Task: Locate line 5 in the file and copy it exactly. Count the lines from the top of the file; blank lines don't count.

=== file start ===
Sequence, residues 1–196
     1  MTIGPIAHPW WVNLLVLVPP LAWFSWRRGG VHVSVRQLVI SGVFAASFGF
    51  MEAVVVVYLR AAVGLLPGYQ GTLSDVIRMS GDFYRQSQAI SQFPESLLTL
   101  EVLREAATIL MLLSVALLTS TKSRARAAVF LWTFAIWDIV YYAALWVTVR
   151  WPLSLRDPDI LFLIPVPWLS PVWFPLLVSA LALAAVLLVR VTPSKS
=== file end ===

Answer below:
   151  WPLSLRDPDI LFLIPVPWLS PVWFPLLVSA LALAAVLLVR VTPSKS